When his brain was firing on all comedic cylinders—on stage performing standup or improvising in front of the camera—Robin Williams described an experience akin to being possessed. “When it works, it’s great—and when it doesn’t, it’s painful,” he said, solemnly reflecting on his irreplicable comedic genius. Those observations, taken from an old television interview, make up the prologue to Robin’s Wish, a lean, intimate, and slightly incomplete documentary about Williams’ final years and months. They foreshadow the devastating cranial spiral at the heart of the comedian’s tragic ending.
Undoubtedly, Williams’ death by suicide on Aug. 11, 2014, came as a global surprise. Rampant media reports erroneously suggested substance abuse or depression as leading causes, all-encompassing issues perhaps attributed to his recently diagnosed case of Parkinson’s disease. But once examiners conducted a full autopsy, they found Williams had suffered from a degenerative neurological disorder called Lewy body dementia, which had gone undetected by every doctor treating him. The disease, which progressively attacks the brain, made Williams prone to delusions, extreme anxiety, and mood changes. For those close to the actor, the news was both heartbreaking and clarifying.
“The devastation on Robin’s brain from Lewy bodies was one of the worst cases medical professionals have ever seen, yet throughout all of this his heart remained strong,” says Susan Schneider Williams, the actor’s third wife. As the central figure of director Tylor Norwood’s latest film, she spends the majority of its 76-minute runtime recalling her husband’s mental and physical deterioration and the effects felt throughout their Marin County, California, community. What began with small spurts of self-doubt eventually morphed into full-on paranoia, confusion, and hallucinations, a two-year evolution that neighbors, nearby residents, and colleagues kept quiet for his own privacy.
Their accounts fill in the pieces of his crippling journey, and help chronicle in detail the warning signs and changes in Williams’ unpredictable demeanor. Over the course of his suffering, the actor began missing regular comedy events at his local community theater, as comedian and friend Rick Overton attests. At the same time, Williams remained committed to filming David E. Kelley’s television series “The Crazy Ones” and powering through the demanding movie schedule of Night at the Museum: Secret of the Tomb. According to Kelley, Williams struggled to remember lines and constantly worried about his performance, anxieties that director Shawn Levy couldn’t help but notice when the actor joined the Night at the Museum set in Vancouver. Williams’ fatigue and crippling worry over his on-camera ability was noticed by the entire cast and crew. “I would say a month into the shoot, it was clear to me—it was clear to all of us—that something was going on with Robin,” Levy says.
In one respect, Norwood’s exploration works as the mournful conclusion to 2018’s Robin Williams: Come Inside My Mind, another documentary that focused on the actor’s prolific comedy and Hollywood career. Without a wealth of new material, Robin’s Wish still looks back into the past—Norwood uses archived footage to sketch in history and share moments of his brilliance on stage and on screen—but its retrospective glimpses mostly serve to illuminate his humanity. They juxtapose his firecracker personality beside his degenerative condition, which Williams was often painfully aware of.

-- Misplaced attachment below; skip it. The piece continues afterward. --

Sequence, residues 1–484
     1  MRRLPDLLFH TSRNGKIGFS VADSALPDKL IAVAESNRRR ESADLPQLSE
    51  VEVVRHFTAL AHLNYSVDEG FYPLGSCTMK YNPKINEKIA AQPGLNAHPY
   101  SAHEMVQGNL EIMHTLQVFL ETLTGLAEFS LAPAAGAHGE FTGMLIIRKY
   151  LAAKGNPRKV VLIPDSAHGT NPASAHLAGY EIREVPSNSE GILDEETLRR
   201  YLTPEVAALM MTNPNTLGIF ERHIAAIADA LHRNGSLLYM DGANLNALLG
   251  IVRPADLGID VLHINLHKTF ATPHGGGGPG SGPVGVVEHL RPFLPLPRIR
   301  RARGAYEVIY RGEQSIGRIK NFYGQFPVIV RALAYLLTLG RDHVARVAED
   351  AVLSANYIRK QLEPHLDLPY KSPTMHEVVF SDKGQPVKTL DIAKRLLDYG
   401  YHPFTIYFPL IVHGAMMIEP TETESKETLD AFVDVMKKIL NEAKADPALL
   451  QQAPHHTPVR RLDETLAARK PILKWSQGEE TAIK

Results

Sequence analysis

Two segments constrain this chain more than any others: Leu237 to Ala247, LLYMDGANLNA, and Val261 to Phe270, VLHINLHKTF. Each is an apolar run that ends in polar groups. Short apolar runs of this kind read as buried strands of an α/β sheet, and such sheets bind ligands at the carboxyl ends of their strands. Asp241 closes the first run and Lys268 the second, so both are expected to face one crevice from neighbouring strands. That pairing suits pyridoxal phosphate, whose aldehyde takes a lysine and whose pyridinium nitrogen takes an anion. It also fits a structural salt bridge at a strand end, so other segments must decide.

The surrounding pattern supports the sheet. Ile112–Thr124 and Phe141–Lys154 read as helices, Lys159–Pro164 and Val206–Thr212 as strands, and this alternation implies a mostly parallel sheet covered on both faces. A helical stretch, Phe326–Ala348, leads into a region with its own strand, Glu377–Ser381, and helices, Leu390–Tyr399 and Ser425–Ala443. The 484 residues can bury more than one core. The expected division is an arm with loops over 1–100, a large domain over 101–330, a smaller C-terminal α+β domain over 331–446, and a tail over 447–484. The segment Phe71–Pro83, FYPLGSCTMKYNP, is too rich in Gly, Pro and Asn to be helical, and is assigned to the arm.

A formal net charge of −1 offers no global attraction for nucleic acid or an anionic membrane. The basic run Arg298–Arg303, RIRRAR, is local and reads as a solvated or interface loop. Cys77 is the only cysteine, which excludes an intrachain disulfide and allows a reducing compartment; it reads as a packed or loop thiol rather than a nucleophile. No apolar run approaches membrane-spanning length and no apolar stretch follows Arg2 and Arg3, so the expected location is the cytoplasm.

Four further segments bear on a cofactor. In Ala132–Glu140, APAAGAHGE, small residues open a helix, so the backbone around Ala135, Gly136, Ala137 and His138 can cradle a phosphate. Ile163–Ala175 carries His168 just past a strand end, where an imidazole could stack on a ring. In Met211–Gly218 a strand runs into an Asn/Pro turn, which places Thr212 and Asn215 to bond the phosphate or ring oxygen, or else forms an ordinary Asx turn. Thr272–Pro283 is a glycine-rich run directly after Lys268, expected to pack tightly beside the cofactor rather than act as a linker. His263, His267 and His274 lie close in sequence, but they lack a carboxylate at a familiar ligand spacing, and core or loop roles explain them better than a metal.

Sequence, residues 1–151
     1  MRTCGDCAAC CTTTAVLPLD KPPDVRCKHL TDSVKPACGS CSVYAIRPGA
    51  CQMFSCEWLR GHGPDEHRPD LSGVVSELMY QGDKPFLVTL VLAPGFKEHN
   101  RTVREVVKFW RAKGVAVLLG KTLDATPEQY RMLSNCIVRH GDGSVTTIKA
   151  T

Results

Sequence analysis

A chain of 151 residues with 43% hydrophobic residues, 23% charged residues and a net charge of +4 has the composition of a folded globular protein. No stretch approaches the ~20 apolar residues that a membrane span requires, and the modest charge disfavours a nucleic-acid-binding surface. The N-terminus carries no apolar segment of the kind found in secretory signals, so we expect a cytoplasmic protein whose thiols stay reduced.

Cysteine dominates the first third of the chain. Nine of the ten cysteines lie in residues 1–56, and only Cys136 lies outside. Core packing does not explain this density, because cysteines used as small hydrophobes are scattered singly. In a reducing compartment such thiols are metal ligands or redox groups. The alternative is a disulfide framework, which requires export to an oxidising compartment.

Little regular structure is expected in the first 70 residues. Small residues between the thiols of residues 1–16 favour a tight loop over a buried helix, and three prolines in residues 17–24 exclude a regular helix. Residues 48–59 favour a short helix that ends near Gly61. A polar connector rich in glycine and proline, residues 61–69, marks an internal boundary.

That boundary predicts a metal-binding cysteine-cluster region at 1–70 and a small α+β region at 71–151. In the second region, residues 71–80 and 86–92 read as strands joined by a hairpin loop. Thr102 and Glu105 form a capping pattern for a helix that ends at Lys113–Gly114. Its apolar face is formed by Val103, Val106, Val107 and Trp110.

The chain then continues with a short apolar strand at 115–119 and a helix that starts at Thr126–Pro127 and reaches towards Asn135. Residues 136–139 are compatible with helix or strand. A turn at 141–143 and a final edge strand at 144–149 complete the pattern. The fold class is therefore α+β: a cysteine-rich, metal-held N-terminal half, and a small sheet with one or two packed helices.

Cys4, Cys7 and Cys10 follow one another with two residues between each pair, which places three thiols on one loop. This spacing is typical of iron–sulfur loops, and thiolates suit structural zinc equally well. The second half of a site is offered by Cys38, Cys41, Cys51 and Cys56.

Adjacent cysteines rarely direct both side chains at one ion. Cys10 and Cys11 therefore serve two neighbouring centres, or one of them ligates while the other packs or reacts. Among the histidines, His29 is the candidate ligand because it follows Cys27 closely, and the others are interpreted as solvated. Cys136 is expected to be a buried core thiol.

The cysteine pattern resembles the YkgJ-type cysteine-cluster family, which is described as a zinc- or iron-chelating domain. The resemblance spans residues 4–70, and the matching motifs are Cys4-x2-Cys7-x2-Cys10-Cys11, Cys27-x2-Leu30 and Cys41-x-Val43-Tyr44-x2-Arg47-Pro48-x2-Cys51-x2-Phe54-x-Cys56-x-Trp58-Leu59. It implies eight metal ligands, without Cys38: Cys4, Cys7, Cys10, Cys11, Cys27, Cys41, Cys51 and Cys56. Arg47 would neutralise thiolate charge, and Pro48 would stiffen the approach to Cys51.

Over the final years of his life, Williams stayed committed to cycling and staying active around his home, sobriety habits he picked up following John Belushi’s sudden death in 1982. In the cracks between his busy filming schedule, Williams consistently found time to connect with those serving the country, performing overseas, and visiting military members in the hospital. In one moving sequence, Norwood shows photos of Williams speaking with a wounded soldier about ways to overcome the challenges ahead in his recovery. As many acquaintances make the case, that was his gift—always accessible when needed.
All of these recollections put his eventual degradation into further relief, and take on the somber tone required for a documentary about a deadly disease still “far from a cure.” Norwood invests valuable time speaking with a handful of doctors (sometimes set up in dramatic projection) to explain how Lewy body dementia works and why the brain can be so puzzling and heartbreaking. And Schneider Williams, who recounts her brief history and marriage with the comedian, details the isolating hardships of his condition in the final weeks. It’s emotional testimony, set against sunsetting vistas, but it sits awkwardly at times only because the rest of Williams’ family is absent and unmentioned. His children’s omission—intentional or not—lingers throughout a story that relies on close friend and companion accounts.
The primary goal and achievement of Robin’s Wish is spotlighting the confounding nature of Williams’ disorder and the deeper need for mental health awareness. As one doctor explains, there is a “blame tendency with mental health,” one that Schneider Williams understands intimately after the media’s invasive response following her husband’s death. Since his passing, she has become a spokesperson for fighting the disease, sharing her stories and contributing to scientific journals about Williams’ condition. In the midst of pain, Williams remained fighting, incorporating therapy, practicing meditation, and trying hypnosis to find momentary peace. “I want people to be less afraid,” he once wrote inside the cover of a Twelve Steps book, clarifying the documentary’s title. It would certainly be easier if Williams were still here.
Robin’s Wish is now available digitally.